Gabrielle Moser – art historian, writer and curator, Toronto

Gabrielle Moser
Photo: Laura Findlay
Gabrielle Moser is an art historian, writer and curator. She is the author of Projecting Citizenship: Photography and Belonging in the British Empire (The Pennsylvania State University Press, 2019) and her writing appears in publications such as Artforum, Canadian Art, Journal of Visual Culture, Photography and Culture, and Prefix Photo. Moser has held fellowships at the Paul Mellon Centre for the Study of British Art, the Ryerson Image Centre, and the University of British Columbia, and was a Fulbright Visiting Scholar at Brown University in 2017. A founding member of EMILIA-AMALIA, Moser holds a PhD from the art history and visual culture program at York University in Toronto and is an Assistant Professor in art history at OCAD University.

Julie Mannell – prose and poetry author, literary critic, cultural commentator and essayist, Toronto

Julie Mannell
Photo: Sarah Bodri
Julie Mannell is an author of poetry, fiction, non-fiction and criticism. She was the recipient of the Constance Rook and HarperCollins Scholarships, the Mona Adilman Poetry Prize and the Lionel Shapiro Award for Excellence in Creative Writing, and was named on the 2018 CBC Poetry Prize shortlist. In/Words Magazine named her one of the Top 30 Poets Under 30. Mannell's work has appeared in numerous magazines, newspapers and journals. In 2019, she was the Writer-in-Residence at the University of Nebraska. Mannell is a professor of creative writing at George Brown College and an acquisitions editor at Dundurn Press in Toronto.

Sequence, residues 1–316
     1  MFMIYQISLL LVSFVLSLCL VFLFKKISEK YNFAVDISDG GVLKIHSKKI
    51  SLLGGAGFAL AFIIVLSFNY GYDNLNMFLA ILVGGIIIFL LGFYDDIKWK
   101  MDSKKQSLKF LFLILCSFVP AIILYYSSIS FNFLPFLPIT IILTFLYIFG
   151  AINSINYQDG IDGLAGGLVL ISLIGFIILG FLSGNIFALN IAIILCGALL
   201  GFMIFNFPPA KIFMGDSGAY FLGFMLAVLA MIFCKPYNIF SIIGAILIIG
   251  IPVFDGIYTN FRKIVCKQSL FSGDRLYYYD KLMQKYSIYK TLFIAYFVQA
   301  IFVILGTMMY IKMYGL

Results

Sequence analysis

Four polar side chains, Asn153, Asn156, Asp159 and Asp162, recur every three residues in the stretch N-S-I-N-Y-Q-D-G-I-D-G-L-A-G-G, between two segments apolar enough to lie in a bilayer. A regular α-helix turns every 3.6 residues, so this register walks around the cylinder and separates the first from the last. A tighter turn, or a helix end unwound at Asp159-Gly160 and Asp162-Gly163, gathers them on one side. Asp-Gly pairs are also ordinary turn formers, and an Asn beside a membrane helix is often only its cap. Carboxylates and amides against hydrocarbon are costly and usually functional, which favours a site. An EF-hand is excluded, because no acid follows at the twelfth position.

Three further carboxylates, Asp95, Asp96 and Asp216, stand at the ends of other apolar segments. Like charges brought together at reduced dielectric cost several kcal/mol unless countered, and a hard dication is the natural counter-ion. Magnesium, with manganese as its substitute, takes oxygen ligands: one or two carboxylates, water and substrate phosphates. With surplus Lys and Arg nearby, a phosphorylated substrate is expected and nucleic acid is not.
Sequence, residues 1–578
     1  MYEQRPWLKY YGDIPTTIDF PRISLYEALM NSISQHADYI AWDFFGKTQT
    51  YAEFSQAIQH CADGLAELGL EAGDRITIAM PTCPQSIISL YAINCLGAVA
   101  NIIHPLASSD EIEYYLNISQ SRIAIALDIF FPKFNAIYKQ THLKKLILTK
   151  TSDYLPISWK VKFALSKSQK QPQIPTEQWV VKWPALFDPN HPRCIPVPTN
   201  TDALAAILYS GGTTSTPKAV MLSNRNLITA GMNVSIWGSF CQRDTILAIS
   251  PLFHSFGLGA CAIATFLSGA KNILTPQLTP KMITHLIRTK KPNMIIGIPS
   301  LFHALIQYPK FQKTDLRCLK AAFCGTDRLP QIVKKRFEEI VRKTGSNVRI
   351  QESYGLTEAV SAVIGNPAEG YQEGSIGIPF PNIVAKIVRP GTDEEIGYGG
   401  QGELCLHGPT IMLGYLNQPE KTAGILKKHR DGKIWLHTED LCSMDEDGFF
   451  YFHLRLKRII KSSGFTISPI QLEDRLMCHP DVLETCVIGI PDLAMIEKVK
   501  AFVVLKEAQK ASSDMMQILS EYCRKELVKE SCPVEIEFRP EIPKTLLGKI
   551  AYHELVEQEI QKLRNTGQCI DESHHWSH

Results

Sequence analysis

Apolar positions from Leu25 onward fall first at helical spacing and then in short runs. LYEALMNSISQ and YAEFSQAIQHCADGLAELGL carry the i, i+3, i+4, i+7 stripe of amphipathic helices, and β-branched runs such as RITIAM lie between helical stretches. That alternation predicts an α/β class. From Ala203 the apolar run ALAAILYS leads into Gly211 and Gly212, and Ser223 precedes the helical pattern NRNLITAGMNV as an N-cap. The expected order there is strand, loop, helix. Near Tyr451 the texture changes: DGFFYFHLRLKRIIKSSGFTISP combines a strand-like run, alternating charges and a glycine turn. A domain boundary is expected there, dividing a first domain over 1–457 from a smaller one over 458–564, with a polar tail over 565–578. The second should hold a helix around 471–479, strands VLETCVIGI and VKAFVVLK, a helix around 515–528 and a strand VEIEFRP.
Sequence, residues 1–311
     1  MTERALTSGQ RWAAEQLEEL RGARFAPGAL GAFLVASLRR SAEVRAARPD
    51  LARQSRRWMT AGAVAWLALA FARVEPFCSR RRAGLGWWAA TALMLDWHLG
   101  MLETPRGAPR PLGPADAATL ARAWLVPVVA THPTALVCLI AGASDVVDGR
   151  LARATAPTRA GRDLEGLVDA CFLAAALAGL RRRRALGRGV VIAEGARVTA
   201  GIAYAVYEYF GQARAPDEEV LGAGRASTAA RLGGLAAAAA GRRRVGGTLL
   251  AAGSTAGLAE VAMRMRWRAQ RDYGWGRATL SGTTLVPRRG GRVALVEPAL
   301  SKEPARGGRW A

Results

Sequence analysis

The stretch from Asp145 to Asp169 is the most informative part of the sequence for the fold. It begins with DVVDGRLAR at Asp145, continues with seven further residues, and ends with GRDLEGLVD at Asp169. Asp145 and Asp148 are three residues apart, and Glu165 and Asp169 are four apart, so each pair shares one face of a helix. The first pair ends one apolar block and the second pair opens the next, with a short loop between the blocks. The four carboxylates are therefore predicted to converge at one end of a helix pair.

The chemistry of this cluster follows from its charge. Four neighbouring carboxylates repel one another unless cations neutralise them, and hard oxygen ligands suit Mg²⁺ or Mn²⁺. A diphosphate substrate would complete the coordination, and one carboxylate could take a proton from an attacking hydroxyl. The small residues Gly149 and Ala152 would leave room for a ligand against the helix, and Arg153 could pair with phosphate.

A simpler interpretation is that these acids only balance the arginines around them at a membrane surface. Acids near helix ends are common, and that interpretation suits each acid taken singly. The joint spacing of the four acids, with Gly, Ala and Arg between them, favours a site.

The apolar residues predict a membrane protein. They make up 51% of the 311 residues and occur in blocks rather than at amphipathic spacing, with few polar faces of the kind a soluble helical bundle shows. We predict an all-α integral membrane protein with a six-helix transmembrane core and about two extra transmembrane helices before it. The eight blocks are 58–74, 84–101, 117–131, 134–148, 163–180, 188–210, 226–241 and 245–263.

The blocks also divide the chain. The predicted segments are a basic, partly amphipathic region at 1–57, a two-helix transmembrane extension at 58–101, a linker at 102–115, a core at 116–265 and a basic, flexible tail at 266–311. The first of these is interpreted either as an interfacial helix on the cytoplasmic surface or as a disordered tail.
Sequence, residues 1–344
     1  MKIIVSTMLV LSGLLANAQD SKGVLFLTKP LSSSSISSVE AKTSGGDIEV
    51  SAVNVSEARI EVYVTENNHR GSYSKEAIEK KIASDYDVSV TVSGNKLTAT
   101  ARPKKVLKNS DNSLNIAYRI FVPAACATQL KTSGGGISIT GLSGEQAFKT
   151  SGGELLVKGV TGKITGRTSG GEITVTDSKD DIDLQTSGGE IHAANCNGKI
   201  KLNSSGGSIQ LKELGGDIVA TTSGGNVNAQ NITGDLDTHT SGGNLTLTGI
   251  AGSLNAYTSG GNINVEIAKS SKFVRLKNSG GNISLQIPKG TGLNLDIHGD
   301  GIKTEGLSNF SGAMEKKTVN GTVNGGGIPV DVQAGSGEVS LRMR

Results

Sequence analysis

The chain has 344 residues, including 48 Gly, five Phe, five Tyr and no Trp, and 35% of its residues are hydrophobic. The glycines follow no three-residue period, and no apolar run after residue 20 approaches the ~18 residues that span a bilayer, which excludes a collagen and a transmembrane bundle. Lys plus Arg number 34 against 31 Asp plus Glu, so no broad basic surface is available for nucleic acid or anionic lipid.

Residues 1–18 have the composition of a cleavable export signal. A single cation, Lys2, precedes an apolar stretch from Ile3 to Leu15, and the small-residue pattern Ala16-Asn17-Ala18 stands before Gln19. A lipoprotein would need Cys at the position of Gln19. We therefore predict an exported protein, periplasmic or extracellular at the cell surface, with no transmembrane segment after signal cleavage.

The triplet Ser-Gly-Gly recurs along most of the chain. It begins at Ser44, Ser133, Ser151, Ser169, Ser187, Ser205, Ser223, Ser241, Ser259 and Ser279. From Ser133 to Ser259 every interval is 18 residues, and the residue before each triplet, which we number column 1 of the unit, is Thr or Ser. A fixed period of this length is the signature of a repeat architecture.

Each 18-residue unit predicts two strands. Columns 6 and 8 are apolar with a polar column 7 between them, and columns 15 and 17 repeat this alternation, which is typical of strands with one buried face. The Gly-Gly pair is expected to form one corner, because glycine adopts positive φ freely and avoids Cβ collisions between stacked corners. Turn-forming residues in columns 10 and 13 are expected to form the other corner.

Kate Barss – writer, Toronto

Kate Barss

Kate Barss is a queer writer living in Toronto. Her work has appeared in Tin House, Catapult, The Hairpin, The Awl, Taddle Creek and others. She has been shortlisted for prizes in Room Magazine, Prism International, Event Magazine and others. One of her short stories appeared on Wigleaf's List of Top 50 Short Fictions of 2018.

Gita Hashemi – artist, curator and writer, Toronto

Artist, curator and writer Gita Hashemi’s experimental transmedia practice spans over 30 years, encompassing work that draws on visual, media, performance, site-specific and live art strategies. Exploring social relations and the interconnections of language and culture, Hashemi’s work centres on marginalized histories and contemporary politics. She has received many art grants, and her work has been exhibited at festivals, galleries and museums nationally and internationally, reviewed extensively, and won local and international awards. Most recently, her project Grounding, produced during an Open Space Lab residency at the Carlton University Art Gallery, was selected as the best exhibition of the year in 2017 by the Ontario Association of Art Galleries.